Antiviral RNA Interference in Mammalian Cells

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Science  11 Oct 2013:
Vol. 342, Issue 6155, pp. 235-238
DOI: 10.1126/science.1241930

Viral Defenses

In plants and invertebrates, RNA interference (RNAi) functions as an innate antiviral defense mechanism. Viruses that infect plants and invertebrates have evolved viral suppressors of RNAi (VSRs) that disable the RNAi pathway. Whether mammals use RNAi as a defense against viruses has been less clear (see the Perspective by Sagan and Sarnow). Li et al. (p. 231) and Maillard et al. (p. 235) studied mammalian cell lines and baby mice productively infected with RNA viruses and observed the production of virus-derived small RNAs (vsRNAs). When the putative VSR proteins of the infecting viruses were disabled, host RNAi-derived vsRNAs were much increased and the viruses were rapidly cleared and unable to mount a full-blown infection. Thus, RNAi also has an innate antiviral function in mammals.


In antiviral RNA interference (RNAi), the DICER enzyme processes virus-derived double-stranded RNA (dsRNA) into small interfering RNAs (siRNAs) that guide ARGONAUTE proteins to silence complementary viral RNA. As a counterdefense, viruses deploy viral suppressors of RNAi (VSRs). Well-established in plants and invertebrates, the existence of antiviral RNAi remains unknown in mammals. Here, we show that undifferentiated mouse cells infected with encephalomyocarditis virus (EMCV) or Nodamura virus (NoV) accumulate ~22-nucleotide RNAs with all the signature features of siRNAs. These derive from viral dsRNA replication intermediates, incorporate into AGO2, are eliminated in Dicer knockout cells, and decrease in abundance upon cell differentiation. Furthermore, genetically ablating a NoV-encoded VSR that antagonizes DICER during authentic infections reduces NoV accumulation, which is rescued in RNAi-deficient mouse cells. We conclude that antiviral RNAi operates in mammalian cells.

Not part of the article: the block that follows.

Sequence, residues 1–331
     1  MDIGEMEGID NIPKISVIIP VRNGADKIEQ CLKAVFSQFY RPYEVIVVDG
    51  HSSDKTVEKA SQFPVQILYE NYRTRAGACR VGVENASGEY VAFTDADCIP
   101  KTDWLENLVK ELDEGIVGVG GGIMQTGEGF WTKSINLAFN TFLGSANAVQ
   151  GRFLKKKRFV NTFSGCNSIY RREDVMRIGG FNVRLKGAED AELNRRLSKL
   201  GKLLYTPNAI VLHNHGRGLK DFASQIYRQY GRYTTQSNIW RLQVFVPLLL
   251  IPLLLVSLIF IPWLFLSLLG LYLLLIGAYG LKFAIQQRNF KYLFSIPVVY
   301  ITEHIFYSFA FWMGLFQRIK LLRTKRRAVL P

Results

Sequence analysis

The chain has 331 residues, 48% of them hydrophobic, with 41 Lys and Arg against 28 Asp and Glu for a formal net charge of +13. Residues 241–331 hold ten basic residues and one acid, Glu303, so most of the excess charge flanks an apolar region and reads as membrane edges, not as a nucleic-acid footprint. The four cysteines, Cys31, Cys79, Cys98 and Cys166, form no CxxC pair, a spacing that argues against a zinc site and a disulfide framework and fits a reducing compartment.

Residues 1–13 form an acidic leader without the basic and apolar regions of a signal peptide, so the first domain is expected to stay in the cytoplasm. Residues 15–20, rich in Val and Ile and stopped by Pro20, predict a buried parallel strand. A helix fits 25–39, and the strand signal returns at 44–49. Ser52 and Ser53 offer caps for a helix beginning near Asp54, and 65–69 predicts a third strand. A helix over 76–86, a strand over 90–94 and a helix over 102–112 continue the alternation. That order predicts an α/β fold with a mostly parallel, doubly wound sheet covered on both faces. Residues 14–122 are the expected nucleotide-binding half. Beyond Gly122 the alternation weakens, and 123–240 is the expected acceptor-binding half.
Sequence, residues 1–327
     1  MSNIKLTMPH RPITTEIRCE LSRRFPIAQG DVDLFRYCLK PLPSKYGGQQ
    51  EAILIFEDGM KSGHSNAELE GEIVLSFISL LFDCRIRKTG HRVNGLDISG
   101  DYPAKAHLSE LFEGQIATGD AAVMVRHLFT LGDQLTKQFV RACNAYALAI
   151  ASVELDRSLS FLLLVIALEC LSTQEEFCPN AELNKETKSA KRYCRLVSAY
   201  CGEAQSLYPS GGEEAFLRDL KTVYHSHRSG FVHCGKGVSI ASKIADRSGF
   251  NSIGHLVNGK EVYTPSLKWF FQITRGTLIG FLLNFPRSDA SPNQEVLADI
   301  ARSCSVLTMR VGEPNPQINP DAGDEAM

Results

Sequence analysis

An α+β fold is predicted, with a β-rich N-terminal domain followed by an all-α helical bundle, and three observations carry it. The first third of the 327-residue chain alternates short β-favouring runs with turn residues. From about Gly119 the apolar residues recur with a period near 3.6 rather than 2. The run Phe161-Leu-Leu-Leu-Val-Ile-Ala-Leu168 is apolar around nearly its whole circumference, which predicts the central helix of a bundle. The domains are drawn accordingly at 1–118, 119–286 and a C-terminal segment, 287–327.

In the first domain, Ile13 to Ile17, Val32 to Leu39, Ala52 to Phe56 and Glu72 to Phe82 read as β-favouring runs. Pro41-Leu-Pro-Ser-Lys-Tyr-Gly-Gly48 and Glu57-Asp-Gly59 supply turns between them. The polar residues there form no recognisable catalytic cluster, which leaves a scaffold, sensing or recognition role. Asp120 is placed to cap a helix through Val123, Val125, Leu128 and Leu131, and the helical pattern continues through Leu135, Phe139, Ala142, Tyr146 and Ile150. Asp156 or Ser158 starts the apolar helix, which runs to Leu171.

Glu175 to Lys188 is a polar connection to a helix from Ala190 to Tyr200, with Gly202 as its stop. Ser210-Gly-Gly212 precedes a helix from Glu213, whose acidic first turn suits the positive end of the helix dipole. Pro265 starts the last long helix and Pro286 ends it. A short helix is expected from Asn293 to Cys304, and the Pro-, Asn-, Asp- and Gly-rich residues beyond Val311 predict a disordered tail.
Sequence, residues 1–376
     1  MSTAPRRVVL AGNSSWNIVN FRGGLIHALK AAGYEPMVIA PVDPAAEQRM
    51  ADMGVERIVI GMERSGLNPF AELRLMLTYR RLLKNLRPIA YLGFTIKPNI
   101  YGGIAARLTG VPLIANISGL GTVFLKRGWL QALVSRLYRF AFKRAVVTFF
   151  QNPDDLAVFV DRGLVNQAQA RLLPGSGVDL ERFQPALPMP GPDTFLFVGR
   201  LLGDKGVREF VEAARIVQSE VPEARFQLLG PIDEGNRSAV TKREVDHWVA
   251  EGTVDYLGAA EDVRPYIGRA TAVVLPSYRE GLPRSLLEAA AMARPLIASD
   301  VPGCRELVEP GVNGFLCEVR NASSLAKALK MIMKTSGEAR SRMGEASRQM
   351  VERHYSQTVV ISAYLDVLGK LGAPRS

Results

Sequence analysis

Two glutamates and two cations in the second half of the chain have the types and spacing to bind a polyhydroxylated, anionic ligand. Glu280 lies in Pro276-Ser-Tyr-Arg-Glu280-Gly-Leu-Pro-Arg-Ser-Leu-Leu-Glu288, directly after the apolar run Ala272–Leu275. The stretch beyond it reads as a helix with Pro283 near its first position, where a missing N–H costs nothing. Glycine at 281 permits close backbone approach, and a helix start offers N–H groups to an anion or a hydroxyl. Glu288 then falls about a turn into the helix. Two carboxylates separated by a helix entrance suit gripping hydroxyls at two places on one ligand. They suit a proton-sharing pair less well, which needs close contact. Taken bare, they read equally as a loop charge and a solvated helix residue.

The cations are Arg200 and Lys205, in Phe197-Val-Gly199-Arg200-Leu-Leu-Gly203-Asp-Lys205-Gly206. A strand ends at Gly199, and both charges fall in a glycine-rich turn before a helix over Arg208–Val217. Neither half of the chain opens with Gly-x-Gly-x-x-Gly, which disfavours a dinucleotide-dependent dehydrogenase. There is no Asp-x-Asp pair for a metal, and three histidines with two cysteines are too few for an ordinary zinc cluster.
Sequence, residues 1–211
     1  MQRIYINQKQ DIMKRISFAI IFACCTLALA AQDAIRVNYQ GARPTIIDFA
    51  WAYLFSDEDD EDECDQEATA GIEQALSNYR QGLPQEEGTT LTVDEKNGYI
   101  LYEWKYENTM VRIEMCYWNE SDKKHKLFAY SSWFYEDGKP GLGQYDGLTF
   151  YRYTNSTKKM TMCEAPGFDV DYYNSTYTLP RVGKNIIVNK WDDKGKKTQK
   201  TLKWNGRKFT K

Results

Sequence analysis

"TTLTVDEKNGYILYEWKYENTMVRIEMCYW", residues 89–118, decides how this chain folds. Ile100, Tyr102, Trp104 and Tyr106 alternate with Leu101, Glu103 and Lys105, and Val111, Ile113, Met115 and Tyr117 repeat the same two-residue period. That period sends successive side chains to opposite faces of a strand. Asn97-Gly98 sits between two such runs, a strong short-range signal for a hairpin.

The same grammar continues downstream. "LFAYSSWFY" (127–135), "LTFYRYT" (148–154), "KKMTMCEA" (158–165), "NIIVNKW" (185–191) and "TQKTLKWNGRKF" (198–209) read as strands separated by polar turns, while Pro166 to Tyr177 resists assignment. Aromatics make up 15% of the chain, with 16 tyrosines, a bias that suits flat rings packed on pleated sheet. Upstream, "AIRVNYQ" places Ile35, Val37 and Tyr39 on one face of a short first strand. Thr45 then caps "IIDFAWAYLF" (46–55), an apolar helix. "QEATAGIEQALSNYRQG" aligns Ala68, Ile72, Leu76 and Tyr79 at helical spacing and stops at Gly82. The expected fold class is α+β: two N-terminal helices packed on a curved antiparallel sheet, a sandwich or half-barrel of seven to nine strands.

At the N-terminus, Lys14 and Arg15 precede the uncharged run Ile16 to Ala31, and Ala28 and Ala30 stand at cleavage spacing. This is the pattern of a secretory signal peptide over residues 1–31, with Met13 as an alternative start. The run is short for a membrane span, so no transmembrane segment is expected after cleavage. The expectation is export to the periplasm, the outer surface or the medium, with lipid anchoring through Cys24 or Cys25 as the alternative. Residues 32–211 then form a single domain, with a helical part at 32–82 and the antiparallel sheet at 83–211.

Although mammalian viruses are susceptible to experimental RNA interference (RNAi) via synthetic small interfering RNAs (siRNAs) (1), the existence of a natural antiviral RNAi response in mammals is debated (2). First, in many infected somatic cells, viral double-stranded RNA (dsRNA) triggers the potent and non-sequence-specific interferon (IFN) response (3) that may have largely supplanted antiviral RNAi functions (4). Second, several mammalian viral proteins display viral suppressor of RNAi (VSR)–like activities still awaiting validation in authentic virus expression contexts (1). Third, diverse virus-infected mammalian cell types accumulate virus-derived small RNAs (vsRNAs), but these have unspecified functions (5) and lack the biochemical features, size, and distribution patterns of plant and invertebrate viral siRNAs (69). Ascertaining genetically the DICER-dependency of mammalian vsRNA is further complicated by the essential contribution of the mammalian RNAi machinery (one Dicer, four Ago) to the endogenous microRNA (miRNA) pathway (10). Pluripotent mouse embryonic stem cells (mESCs) withstand the complete ablation of DICER (DCR) or ARGONAUTE (AGO) functions (11, 12) and support RNAi triggered by long dsRNA possibly because they lack an IFN response (13, 14); accordingly, DCR-dependent endogenous siRNAs are detected in these cells (15). We thus reasoned that mESCs constituted potentially valuable models to genetically validate both viral siRNA accumulation and VSR function in authentic mammalian infection contexts.